Lucie Rachel | ‘Mother Father’

Lucie Rachel tells us about her photobook ‘Mother Father’ (2015)


© Lucie Rachel // Lovers enjoying the summer of 1976, captured by a family friend.

The creation of this book was almost unintentional; a natural bi- product of my art practice. I began working with my parents in 2013, almost two years after their separation, when I befriended each of them as individuals. It was at this time that I realised I knew very little about either of them and even less about their relationship, especially from the years before my sister and I had become a part of it. Through curiosity and an overwhelming desire to know and understand, the project began. Originally I had no thoughts of making a book; I simply collected photos that I liked or felt were insightful into an album, with no order or narration, which gradually grew in the background into a substantial folder of material. Over a year later it had expanded to the point of being a work in its own right. A compilation of photos, letters, blog and diary entries which tell a story of love, hardship and acceptance, that I feel deserves to be told.


© Lucie Rachel // Their first child arrives, feeling blessed they have a daughter.

‘Without love, life has no purpose’ was the guiding principle of my mother’s youth. Her naive pursuit of true love was endearingly hopeless, built upon the foundations of Hollywood cliches and Bronte novels. So when she met my father on the eve of the New Year 1976, she honestly believed she had found ‘the one’. Of course, reality never quite matches up with expectations and her idyllic notions of married life were left to flounder in the unpredictable but extraordinary relationship that was to follow.


© Lucie Rachel // Mother holding open her diary March 19th 1976, describing her first date with my father.

Fortunately, this was an exceptionally well documented partnership, as the couple shared an apparent fear of forgetting. During their first year together my mother kept a diary, intimately documenting their seemingly normal relationship. Likewise, my father rarely removed his camera throughout most of their time together, not to mention the many letters he penned to my mother during her college years which still sleep under her bed.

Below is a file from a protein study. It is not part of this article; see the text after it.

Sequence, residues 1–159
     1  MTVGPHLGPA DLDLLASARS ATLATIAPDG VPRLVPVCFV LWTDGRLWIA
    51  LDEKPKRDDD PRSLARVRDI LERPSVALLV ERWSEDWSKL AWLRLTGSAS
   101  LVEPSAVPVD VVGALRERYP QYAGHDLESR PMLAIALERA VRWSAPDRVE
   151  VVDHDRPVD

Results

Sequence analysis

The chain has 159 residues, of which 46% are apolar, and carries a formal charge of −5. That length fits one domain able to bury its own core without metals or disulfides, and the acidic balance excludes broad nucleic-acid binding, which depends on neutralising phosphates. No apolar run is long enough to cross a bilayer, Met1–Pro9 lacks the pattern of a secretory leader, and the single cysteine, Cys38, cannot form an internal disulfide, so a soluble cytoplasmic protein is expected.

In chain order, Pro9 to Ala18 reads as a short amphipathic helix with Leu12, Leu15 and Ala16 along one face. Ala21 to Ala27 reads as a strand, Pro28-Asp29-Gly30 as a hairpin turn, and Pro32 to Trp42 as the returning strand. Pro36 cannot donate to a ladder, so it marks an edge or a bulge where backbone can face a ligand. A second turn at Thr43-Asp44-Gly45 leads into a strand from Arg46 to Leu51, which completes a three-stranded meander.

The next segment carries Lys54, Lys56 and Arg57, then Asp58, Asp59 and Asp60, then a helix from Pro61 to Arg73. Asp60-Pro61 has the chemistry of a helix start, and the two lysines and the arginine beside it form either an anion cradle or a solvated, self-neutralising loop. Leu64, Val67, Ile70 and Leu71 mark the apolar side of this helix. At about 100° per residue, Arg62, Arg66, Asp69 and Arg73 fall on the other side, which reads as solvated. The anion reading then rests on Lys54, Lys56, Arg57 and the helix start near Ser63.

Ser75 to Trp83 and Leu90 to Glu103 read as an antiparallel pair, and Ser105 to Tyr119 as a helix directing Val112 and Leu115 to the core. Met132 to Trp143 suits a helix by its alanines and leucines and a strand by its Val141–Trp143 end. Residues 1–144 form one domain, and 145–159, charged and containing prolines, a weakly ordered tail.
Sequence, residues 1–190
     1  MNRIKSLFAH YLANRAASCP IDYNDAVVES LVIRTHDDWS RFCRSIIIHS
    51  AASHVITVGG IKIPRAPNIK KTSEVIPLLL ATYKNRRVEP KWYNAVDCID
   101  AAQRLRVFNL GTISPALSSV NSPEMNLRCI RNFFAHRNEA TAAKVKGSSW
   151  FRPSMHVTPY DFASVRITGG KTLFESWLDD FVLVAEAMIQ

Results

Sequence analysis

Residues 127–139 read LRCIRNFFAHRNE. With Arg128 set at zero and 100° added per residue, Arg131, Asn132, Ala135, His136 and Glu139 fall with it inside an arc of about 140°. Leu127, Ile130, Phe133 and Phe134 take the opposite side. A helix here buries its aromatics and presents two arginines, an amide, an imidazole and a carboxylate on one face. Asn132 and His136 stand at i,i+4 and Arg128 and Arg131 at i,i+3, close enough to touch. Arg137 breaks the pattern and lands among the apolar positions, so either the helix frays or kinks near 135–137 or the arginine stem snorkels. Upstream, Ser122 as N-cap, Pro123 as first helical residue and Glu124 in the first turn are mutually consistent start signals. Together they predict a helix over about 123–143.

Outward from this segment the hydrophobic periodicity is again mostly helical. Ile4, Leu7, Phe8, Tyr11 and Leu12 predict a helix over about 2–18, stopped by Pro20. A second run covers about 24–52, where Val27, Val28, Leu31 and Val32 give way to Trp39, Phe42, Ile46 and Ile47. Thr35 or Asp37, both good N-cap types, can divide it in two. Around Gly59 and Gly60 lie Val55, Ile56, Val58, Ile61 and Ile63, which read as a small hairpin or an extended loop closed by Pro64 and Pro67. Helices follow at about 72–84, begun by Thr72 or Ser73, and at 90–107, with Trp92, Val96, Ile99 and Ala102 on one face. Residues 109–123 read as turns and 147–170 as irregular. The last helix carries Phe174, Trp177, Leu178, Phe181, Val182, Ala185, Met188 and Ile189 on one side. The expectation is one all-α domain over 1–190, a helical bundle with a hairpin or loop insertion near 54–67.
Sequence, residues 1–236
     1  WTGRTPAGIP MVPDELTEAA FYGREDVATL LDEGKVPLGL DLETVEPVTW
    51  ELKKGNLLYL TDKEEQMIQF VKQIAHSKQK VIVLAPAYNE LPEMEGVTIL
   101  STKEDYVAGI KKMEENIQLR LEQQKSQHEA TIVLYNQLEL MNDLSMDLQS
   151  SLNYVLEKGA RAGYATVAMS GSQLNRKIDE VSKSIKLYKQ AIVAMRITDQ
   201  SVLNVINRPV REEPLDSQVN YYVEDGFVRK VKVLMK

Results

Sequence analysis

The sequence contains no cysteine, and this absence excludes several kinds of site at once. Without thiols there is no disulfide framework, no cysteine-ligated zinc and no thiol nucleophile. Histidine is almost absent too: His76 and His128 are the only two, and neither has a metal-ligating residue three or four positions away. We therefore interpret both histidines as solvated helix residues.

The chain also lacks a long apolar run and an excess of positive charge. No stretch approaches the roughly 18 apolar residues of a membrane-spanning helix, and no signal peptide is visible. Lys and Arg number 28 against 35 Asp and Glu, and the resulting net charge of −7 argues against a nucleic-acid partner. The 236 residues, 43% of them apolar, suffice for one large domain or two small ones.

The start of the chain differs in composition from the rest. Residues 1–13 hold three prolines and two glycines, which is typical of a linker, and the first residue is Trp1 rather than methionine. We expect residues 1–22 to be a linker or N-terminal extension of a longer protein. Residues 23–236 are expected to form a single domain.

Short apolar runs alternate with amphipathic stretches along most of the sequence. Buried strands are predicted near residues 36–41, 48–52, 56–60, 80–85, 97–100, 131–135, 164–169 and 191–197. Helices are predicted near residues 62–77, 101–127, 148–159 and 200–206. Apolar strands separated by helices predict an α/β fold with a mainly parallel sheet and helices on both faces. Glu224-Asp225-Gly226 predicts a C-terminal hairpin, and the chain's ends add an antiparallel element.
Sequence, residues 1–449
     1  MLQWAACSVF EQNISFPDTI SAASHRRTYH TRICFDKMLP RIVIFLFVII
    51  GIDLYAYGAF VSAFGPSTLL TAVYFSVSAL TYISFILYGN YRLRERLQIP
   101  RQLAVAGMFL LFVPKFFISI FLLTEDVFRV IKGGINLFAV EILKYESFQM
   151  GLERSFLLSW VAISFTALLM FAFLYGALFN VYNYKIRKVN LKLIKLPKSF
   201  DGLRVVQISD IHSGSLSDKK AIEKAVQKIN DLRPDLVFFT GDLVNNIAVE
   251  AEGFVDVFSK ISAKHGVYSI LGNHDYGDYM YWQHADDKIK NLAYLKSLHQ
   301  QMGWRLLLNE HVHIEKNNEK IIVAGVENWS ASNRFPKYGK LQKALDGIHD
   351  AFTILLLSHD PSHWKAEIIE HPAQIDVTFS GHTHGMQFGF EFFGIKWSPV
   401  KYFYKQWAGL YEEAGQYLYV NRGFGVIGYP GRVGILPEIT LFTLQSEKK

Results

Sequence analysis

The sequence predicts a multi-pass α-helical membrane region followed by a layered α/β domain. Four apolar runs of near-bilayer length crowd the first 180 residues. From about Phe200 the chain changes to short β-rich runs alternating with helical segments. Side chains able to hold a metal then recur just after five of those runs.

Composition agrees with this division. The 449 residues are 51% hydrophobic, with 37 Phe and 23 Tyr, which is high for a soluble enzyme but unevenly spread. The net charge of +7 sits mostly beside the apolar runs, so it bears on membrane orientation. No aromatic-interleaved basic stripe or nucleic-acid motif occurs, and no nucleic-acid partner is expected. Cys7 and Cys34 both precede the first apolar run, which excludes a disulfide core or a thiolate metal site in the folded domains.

© Lucie Rachel // Alone in bed; my father behind the camera.

However, during their fifth year together there happened a somewhat unusual revelation, when my father came out to my mother as transgender. Unsurprisingly, this changed the fundamental dynamics of their relationship and diverted them on a journey neither one of them could have anticipated.


© Lucie Rachel // My father’s first pair of heels are still her favourite.

The chronicling of the relationship was continued thereafter in the form of an online blog kept by my father and further private writings by my mother. The subsequent collection of materials follows their relationship from the exhilarating highs of young love and through the turbulent waters of domesticity.


© Lucie Rachel // Thirty-four years of silence finally broken. My mother discusses her experience with her daughters.

Mother Father is also accompanied by a short flm with the same title, in which my parents talk retrospectively about their relationship. The book is currently in the Dundee Artists’ Book Collection in the VRC at Dundee Contemporary Arts and the film has been shown at several film festivals this year including Aesthetica Short Film Festival and Underwire Festival, gaining award nominations at both. The work will next be exhibited together at the Royal Scottish Academy’s New Contemporaries Exhibition in March 2016.


© Lucie Rachel // Exhausted after our evening out, she removes most of her make up – but forgets the necklace.


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At present, Lucie Rachel is working on a short documentary about her father-daughter relationship with The Scottish Documentary Institute’s Bridging The Gap programme, which will premiere at Edinburgh International Film Festival in May 2016.

Please visit Lucie Rachel’s website to see more work.


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